It’s a convincing argument, says planetary scientist Itay Halevy of Harvard University: "Atmospherically delivered water and downward migration of salts, both common processes on Earth, played a part in the formation of martian soils, too." Moreover, the results "provide further chemical support for what previous studies have found: that during early parts of Mars’s history, liquid water existed on the surface for geologically significant periods of time."

Pollutants in the deep-ocean food web

Scientists say the concentrations of pollutants they documented in deep-sea squid are surprising?

Research published online May 22 in Marine Pollution Bulletin presents new evidence that human-made contaminants are finding their way into the deepest parts of the ocean. The paper is one of the first reports of persistent organic pollutant uptake by deep-sea mollusks, an important part of the marine food chain.

This deep-sea mollusk, <em>Histioteuthis reversa</em>, is called the jewel squid because of its many photophores, or light-producing organs, which appear as dark dots on its skin.

This deep-sea mollusk, Histioteuthis reversa, is called the jewel squid because of its many photophores, or light-producing organs, which appear as dark dots on its skin.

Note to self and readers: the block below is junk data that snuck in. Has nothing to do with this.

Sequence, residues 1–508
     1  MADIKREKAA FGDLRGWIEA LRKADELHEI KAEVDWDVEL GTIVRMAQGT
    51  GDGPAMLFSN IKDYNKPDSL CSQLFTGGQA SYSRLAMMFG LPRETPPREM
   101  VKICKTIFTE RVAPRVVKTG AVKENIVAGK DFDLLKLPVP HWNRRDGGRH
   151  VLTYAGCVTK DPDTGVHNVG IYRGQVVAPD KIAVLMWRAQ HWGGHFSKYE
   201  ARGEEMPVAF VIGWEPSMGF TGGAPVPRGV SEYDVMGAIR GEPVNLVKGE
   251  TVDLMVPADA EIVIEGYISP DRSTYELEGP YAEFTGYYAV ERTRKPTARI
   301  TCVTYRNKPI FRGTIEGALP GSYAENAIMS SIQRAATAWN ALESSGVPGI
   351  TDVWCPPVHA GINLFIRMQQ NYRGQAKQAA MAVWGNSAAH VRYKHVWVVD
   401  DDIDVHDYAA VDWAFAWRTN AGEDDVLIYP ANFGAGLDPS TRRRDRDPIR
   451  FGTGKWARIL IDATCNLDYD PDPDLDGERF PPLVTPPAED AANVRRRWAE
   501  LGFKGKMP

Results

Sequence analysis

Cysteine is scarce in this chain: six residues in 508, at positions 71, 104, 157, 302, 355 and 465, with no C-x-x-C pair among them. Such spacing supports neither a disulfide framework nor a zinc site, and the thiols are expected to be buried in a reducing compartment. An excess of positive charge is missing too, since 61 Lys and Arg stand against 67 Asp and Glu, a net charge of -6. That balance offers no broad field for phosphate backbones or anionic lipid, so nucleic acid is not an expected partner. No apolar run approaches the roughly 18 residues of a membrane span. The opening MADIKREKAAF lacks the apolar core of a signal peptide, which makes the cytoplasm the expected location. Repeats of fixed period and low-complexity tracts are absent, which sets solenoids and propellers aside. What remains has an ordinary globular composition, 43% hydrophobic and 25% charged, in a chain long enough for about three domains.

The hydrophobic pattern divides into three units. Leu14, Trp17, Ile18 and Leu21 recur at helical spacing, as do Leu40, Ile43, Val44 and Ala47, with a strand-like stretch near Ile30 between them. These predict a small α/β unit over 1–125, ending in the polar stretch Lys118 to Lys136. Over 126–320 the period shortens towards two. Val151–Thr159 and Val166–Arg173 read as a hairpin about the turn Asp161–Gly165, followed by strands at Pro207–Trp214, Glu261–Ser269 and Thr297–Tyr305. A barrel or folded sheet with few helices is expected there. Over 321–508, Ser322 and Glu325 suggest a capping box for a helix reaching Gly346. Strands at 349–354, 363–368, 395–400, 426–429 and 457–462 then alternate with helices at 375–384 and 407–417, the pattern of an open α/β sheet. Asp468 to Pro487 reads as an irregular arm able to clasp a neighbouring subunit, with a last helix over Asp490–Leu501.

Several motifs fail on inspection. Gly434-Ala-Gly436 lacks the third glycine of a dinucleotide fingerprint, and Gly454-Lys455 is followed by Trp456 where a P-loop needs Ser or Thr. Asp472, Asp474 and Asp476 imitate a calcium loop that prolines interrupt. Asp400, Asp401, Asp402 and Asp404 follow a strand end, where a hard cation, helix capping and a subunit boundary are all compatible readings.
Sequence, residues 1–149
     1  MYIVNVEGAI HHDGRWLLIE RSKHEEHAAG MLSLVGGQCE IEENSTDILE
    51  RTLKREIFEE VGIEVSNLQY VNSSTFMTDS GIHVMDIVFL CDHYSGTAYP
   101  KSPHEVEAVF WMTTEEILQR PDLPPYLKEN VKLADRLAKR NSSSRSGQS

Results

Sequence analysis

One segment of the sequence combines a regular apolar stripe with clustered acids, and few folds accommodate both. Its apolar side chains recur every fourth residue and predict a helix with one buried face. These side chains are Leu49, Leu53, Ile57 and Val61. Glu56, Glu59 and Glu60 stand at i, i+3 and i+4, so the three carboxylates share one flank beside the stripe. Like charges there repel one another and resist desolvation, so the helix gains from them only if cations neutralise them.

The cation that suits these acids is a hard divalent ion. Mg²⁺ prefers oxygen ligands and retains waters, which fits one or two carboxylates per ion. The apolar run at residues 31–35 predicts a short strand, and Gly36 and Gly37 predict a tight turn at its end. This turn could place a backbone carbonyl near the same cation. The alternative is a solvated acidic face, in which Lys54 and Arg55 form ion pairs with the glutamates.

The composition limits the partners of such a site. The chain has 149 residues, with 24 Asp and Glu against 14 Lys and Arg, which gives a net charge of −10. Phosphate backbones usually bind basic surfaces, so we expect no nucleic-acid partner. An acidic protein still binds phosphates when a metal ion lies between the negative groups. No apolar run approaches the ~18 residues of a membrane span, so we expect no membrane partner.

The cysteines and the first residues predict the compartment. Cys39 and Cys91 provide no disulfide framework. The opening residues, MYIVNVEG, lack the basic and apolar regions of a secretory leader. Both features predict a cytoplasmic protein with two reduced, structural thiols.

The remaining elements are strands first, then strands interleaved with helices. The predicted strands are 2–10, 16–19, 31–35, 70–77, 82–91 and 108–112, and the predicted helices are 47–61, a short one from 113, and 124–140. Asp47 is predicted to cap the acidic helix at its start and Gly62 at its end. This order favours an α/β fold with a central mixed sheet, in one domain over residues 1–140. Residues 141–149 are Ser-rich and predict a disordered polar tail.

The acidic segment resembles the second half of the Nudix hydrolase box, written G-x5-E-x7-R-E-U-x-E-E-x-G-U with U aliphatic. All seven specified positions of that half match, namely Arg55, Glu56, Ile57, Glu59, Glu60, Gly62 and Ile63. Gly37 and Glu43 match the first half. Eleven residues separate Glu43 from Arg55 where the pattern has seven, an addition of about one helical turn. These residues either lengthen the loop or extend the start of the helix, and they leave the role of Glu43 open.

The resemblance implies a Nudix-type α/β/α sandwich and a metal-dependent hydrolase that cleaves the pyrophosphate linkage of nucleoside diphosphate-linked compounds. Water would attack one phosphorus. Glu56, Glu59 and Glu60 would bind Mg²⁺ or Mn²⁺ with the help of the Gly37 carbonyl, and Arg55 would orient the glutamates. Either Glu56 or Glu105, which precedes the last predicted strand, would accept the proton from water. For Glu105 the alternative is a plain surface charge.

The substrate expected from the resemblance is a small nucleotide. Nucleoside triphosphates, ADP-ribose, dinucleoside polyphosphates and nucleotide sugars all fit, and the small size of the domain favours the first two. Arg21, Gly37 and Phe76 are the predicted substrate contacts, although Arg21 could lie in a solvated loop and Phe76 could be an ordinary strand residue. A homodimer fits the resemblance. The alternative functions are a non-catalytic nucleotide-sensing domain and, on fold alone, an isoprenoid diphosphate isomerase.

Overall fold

A team of researchers from the Virginia Institute of Marine Science and the National Marine Fisheries Service (NMFS) collected nine species of cephalopods, a class of organisms that includes octopods, squids, cuttlefish, and nautiluses, from depths between 1000 and 2000 meters (about 3300 to 6600 feet) in 2003 in the western North Atlantic Ocean. The team selected species for chemical analysis on the basis of their importance as prey and analyzed specimens for 11 classes of anthropogenic chemical contaminants. The compounds the researchers detected include DDT, PAHs, PCBs, PBDEs, tributyltin, and toxaphene.

“It was surprising to find measurable and sometimes high amounts of toxic pollutants in such a deep and remote environment,” says coauthor Michael Vecchione of NMFS.

Although scientists have previously looked for persistent organic pollutants in deep-sea fish, there is little information on such chemicals in deep-sea cephalopods. The large variety of contaminants that the scientists reported in the new paper makes it “apparent that contamination of the deep-sea oceanic food web is occurring,” they write.